fulfil

[foo l-fil]
See more synonyms for fulfil on Thesaurus.com

fulfill

or ful·fil

[fool-fil]
verb (used with object)
  1. to carry out, or bring to realization, as a prophecy or promise.
  2. to perform or do, as duty; obey or follow, as commands.
  3. to satisfy (requirements, obligations, etc.): a book that fulfills a long-felt need.
  4. to bring to an end; finish or complete, as a period of time: He felt that life was over when one had fulfilled his threescore years and ten.
  5. to develop the full potential of (usually used reflexively): She realized that she could never fulfill herself in such work.

Origin of fulfill

before 1000; Middle English fulfillen, Old English fulfyllan. See full1, fill
Related formsful·fill·er, nouno·ver·ful·fill, verb (used with object)pre·ful·fill, verb (used with object)su·per·ful·fill, verb (used with object)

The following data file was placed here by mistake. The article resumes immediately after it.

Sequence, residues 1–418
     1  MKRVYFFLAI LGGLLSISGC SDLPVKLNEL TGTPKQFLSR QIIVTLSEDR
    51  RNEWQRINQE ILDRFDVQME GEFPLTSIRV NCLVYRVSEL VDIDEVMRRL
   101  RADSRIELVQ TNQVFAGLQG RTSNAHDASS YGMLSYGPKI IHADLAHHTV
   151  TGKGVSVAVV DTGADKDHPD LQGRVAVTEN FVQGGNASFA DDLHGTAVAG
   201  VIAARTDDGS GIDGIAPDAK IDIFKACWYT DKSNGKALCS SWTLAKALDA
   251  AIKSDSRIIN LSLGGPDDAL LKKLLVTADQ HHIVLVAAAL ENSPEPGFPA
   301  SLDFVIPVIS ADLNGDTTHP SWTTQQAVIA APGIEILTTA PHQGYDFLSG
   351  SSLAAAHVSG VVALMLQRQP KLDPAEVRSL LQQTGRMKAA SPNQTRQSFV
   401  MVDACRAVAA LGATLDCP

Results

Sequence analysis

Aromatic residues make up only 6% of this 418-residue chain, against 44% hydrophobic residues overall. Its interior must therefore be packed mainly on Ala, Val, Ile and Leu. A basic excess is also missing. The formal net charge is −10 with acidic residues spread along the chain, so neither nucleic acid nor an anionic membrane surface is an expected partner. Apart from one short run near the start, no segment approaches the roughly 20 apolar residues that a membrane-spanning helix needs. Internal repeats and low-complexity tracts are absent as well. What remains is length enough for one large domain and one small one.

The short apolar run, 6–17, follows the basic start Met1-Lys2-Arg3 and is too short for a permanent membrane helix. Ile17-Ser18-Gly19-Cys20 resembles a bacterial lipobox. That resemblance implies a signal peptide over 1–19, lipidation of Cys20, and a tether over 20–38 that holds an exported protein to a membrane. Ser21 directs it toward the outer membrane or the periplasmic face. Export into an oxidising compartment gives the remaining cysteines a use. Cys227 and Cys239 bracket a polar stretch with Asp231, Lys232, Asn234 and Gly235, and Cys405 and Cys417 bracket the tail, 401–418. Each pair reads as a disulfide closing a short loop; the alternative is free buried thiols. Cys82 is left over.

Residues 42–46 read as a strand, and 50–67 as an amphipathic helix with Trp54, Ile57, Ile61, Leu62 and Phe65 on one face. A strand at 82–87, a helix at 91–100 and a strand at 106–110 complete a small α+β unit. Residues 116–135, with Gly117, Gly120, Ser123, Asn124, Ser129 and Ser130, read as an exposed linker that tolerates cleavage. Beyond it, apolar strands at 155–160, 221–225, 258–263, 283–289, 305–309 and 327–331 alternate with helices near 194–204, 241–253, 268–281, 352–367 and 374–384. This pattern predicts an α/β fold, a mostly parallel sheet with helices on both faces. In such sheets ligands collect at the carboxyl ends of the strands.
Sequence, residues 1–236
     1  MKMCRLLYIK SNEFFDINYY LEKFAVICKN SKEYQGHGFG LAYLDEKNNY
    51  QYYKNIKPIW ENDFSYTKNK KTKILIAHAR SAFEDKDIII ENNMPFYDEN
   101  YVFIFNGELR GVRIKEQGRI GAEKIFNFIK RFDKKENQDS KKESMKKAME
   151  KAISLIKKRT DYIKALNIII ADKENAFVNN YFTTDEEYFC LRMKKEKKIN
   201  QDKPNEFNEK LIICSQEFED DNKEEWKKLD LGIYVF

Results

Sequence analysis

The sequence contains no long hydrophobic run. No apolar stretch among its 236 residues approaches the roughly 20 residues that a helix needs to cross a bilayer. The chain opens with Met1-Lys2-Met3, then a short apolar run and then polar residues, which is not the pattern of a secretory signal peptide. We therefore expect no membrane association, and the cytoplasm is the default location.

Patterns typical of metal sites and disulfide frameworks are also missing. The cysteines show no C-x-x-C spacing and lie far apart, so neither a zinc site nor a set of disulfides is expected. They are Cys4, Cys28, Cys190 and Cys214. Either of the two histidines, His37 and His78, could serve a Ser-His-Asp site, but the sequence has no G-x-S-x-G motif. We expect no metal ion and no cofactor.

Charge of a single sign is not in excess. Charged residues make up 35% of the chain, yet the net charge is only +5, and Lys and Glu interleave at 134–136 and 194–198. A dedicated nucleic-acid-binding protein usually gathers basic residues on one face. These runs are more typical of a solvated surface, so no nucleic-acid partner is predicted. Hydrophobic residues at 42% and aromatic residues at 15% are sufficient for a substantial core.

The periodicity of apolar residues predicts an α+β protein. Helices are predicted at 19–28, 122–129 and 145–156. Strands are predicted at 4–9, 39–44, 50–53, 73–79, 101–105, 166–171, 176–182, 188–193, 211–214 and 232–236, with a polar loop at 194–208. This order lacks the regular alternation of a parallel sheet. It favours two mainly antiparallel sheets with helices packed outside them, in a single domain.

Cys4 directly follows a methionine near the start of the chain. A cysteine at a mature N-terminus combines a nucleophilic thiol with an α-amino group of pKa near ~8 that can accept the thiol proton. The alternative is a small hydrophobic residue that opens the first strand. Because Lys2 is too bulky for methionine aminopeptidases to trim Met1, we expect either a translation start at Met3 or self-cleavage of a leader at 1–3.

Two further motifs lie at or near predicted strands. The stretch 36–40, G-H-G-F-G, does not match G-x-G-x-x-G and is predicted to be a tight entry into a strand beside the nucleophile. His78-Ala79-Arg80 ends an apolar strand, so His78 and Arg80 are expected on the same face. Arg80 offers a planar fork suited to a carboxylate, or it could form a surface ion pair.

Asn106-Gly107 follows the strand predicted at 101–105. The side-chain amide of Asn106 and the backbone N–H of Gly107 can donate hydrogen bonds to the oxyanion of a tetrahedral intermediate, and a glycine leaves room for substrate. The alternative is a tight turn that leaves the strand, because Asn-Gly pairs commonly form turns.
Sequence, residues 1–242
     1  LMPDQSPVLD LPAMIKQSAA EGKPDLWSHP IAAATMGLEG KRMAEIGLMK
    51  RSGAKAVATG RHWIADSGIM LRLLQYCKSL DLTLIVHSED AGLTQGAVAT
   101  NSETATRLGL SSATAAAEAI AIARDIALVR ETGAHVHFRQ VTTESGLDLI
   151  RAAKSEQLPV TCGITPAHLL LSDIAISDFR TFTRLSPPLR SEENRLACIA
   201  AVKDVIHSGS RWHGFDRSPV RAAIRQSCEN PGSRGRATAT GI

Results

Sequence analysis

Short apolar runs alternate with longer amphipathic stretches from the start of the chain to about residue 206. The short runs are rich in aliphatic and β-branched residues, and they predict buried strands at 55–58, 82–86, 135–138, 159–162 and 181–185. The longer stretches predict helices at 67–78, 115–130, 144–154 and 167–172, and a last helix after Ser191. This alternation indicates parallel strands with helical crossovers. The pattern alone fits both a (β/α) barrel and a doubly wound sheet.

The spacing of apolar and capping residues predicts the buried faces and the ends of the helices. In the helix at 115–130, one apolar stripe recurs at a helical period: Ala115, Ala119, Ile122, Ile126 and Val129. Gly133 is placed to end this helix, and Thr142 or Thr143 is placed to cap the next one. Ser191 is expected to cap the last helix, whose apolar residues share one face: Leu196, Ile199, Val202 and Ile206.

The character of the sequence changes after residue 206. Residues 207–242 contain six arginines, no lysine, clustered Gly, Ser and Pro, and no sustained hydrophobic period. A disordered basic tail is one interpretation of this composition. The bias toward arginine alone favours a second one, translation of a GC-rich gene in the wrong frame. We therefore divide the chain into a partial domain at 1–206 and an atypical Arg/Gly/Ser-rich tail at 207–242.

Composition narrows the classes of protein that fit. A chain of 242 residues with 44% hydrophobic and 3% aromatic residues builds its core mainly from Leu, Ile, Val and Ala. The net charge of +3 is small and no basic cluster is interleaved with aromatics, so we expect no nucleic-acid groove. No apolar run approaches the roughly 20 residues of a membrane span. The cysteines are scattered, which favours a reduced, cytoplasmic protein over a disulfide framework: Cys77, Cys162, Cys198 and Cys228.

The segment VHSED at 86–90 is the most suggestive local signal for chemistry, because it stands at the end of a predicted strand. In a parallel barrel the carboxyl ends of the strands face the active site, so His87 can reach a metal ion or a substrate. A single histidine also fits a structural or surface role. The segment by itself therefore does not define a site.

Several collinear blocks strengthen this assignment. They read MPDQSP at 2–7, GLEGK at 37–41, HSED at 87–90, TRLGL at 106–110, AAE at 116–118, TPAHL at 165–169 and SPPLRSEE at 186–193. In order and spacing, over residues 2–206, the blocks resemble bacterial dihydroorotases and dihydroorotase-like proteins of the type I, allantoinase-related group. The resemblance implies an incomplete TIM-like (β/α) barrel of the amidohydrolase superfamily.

Synonyms for fulfill

See more synonyms for on Thesaurus.com
Dictionary.com Unabridged Based on the Random House Unabridged Dictionary, © Random House, Inc. 2018


Examples from the Web for fulfilled

Contemporary Examples of fulfilled

Historical Examples of fulfilled


British Dictionary definitions for fulfilled

fulfil

US fulfill

verb -fils or US -fills, -filling or -filled (tr)
  1. to bring about the completion or achievement of (a desire, promise, etc)
  2. to carry out or execute (a request, etc)
  3. to conform with or satisfy (regulations, demands, etc)
  4. to finish or reach the end ofhe fulfilled his prison sentence
  5. fulfil oneself to achieve one's potential or desires
Derived Formsfulfiller, nounfulfilment or US fulfillment, noun

Word Origin for fulfil

Old English fulfyllan
Collins English Dictionary - Complete & Unabridged 2012 Digital Edition © William Collins Sons & Co. Ltd. 1979, 1986 © HarperCollins Publishers 1998, 2000, 2003, 2005, 2006, 2007, 2009, 2012

Word Origin and History for fulfilled

fulfill

v.

Old English fullfyllan "fill up, make full," from full + fyllan (see fill, which is ultimately from the root of full). Used early of prophecy and perhaps a translation of Latin implere, adimplere. Related: Fulfilled; fulfilling.

fulfil

v.

see fulfill. Related: fulfilment.

Online Etymology Dictionary, © 2010 Douglas Harper